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Water's Memory

Water takes on signals, stores them and passes them on

Photo: Left Prof. Eshel Ben-Jacob († 2015) while on a visit with Johann Grander († 2012) in Jochberg, Tyrol @IPF Photo: Left Prof. Eshel Ben-Jacob († 2015) while on a visit with Johann Grander († 2012) in Jochberg, Tyrol
We have known for many years that water takes on information, stores it and passes it on to the environment and its surroundings.  Water reacts to all kinds of signals such as bio-signals originating from nature or technological signals such as electromagnetic waves from transmission technology.  Both kinds of signals are received as information, stored and then passed on.

By means of special examination methods the effect of different information on water can be proven and even made visible.  In order to prove this 2 Petri dishes (flat, round, transparent dishes, which are used in examinations in laboratories) are filled with a gel-like food substance, that serves as a food source for bacteria.

Then bacteria from a selected breed are injected into the middle of the Petri dish.  The bacteria begin to multiply and form varying patterns:  sometimes being broadly fanned out and other times small and consisting of straight lines.  In the test arrangement all parameters remain the same in each repetition - except for the information content of the water, that is required for the production of the food substance.

The described experiment with both Petri dishes was developed by the physicist Prof. Eshel Ben-Jacob from Israel.  The photos were taken in 1998 and document the effects when water with varying information content is used for the production of the food substance.

In the experiments, which were photographed by Eshel Ben-Jacob,

•the food substance 1 was produced with untreated water and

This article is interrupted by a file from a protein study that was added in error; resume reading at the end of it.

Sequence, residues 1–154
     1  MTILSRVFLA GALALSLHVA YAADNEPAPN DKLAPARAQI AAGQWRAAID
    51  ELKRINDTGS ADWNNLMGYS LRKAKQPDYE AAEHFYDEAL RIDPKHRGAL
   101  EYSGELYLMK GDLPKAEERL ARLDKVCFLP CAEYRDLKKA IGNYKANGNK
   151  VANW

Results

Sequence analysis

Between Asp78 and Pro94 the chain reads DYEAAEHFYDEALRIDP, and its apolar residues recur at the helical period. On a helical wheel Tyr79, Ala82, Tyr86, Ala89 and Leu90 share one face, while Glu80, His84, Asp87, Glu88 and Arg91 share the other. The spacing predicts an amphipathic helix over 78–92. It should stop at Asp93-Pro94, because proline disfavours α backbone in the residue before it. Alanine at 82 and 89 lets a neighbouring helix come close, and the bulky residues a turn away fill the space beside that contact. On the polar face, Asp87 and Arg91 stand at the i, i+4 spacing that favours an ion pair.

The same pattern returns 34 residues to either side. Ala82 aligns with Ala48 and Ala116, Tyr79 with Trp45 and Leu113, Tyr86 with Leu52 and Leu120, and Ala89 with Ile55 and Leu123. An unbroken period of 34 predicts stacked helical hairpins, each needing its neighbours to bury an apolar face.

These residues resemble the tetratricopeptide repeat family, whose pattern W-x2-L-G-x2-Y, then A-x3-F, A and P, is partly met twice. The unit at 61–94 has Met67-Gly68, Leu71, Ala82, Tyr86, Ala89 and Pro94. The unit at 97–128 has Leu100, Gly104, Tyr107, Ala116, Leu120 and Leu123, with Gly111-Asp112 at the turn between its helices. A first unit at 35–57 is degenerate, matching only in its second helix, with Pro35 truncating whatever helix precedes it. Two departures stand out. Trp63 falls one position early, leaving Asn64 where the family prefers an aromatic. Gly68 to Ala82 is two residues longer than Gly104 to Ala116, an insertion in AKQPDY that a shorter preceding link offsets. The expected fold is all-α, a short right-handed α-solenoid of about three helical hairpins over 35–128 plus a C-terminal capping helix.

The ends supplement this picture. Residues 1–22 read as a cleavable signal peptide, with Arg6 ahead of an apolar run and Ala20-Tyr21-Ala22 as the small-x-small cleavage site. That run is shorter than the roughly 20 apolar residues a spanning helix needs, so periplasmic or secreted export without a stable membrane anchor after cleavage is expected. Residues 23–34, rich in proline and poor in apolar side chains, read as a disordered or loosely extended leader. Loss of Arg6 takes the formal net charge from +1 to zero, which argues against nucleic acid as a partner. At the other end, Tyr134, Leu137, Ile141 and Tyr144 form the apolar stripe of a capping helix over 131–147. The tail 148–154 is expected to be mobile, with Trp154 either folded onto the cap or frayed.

•the food substance 2 was produced with water, that had been subjected to an electromagnetic signal for a determined amount of time.

The results clearly demonstrate that the treated sample (food substance 2) shows significantly increased bacteria growth and a completely different pattern formation in comparison to the untreated sample.

With this experiment Prof. Ben-Jacob was able to answer more questions regarding information characteristics of water and could make the following conclusions:

1.  Water reacts to signals from its environment;

2.  Water stores this information, similar to having a memory and can remembers the events and signal effects at a later point in time;

3.  Living things (bacteria) react to the changed conditions in the water.

Can information in water be recorded with physical measuring instruments?

To date there has not been any physical procedure published that fulfills the requirements.

Even the "finest" physical measuring instruments are several tenths of a percent inaccurate to directly record characteristics like information or structure of water.

Therefore, the method of proof used by Prof. Ben-Jacob takes on even more significance.  As a physicist and former President of Israel's Physical Society he managed a scientifically brilliant achievement.

Ben-Jacob transferred the task of measurement from physical measuring instruments to living organisms (bacteria).  He says that bacteria reacts at least 1000 times more sensitively than any measuring device known today.  

His photos, which strike one as art, speak a very clear language. 

How and where the information storage in water could take place still remains to be answered.

It all comes back to the knowledge of Johann Grander, who was always convinced of the importance and sensitivity of animals.  He showed that even bees are very good "biological measuring instruments".  In one experiment he proved that bees are capable of distinguishing between revitalized and non-revitalized water.  The rate of accuracy was around 95%.

>> Professor Eshel Ben-Jacob passed away unexpectedly on July 5th, 2012 - may he rest in peace!

 

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